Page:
making | baking | creating

Clay Feathers and Leaves: Part 1

As organised as I have set myself up to be, I am still leaving my bobby pins, earrings and keys anywhere other than the areas I have especially created for them.  To try and have containers/storage bowls/dishes around to change this, I've been looking for pretty, smaller items that are decorative when nothing is in them, but useful to catch and store things I'll otherwise leave in a mess.  I haven't quite been able to find what I am looking for, so bringing back out my trusty air dry clay, I had a go at creating some pretty feather and leaf accessories for Autumn and as an experiment to see if storage being pretty makes any difference to my messy/organised life.  Spoiler: I am not holding my breath. 

What I Used:
Air Dry Clay
Pencil / Pen / Paper / Scissors

To start, I created my own stencils, sketching some shapes using Google images as my reference:
 Tracing over with a black Sharpie, I made templates which I then cut out.  The thick pen stops you from creating a complicated outline, that will be easy to transfer in to clay and cut around.


Rolling out my air dry clay to around 0.5cm thick, I placed one of the templates on top and
traced around the edge with a pencil, running the pencil around the outline through the clay to
make a seamless and smooth cut [protect your surface with a piece of paper or cardboard to
protect if needed, or you will trace an outline of the design to your table top!]:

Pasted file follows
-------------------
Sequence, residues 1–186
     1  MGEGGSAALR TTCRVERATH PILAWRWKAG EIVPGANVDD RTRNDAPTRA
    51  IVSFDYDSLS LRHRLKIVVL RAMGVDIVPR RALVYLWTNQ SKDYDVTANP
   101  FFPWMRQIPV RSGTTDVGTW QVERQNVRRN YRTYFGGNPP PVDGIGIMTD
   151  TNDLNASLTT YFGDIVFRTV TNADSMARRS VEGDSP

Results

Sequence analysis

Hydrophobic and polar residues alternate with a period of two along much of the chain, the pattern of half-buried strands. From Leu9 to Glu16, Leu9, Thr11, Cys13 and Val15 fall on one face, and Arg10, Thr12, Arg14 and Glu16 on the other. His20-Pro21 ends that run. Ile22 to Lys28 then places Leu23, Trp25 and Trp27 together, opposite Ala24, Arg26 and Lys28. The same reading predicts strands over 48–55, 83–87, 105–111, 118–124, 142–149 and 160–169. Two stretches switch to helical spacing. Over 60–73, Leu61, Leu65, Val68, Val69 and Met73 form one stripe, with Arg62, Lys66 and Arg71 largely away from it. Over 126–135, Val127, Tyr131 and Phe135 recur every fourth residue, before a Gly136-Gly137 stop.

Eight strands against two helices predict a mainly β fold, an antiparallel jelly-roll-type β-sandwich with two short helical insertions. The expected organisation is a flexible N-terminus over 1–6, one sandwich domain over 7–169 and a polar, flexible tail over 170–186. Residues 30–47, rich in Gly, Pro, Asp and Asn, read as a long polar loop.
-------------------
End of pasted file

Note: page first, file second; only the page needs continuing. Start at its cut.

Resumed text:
I then made a few detail impressions, with the pencil, to imprint the feathers:
Using the remainder of my templates, I made a few more clay shapes:


 ...but left the details and kept the finish plain.  To make the feathers and leaves more 'bowl-like'
and curved to catch my earrings, bits and bobs and nic-nacs, I employed the use of a toilet roll,
bead storage and line of corrugated cardboard to help mould a variety of shapes:

To create a little detail, I moulded some of the feather cuts to overlap and moulded edges in to 
waves to make the shapes a little more realistic and create some interest and detail:
Leave to dry for at least 24 hours and if needed, keep an eye on the shapes during the first hours
 or so to check that the clay is drying to the shapes you have moulded.  After this time, the clay
starts to dry and harden, so re-shaping is difficult and can break [I may have found this out the
hard way in a previous project].  Once dry, lift easily to remove from the moulds:
 Part 1, complete.
Next, they need to be sanded and filed to smooth out the edges and then decorated.  I'm not so sure what to do, which is why they are still sitting, unfinished on my coffee table - must and will sort soon.

see you next time x

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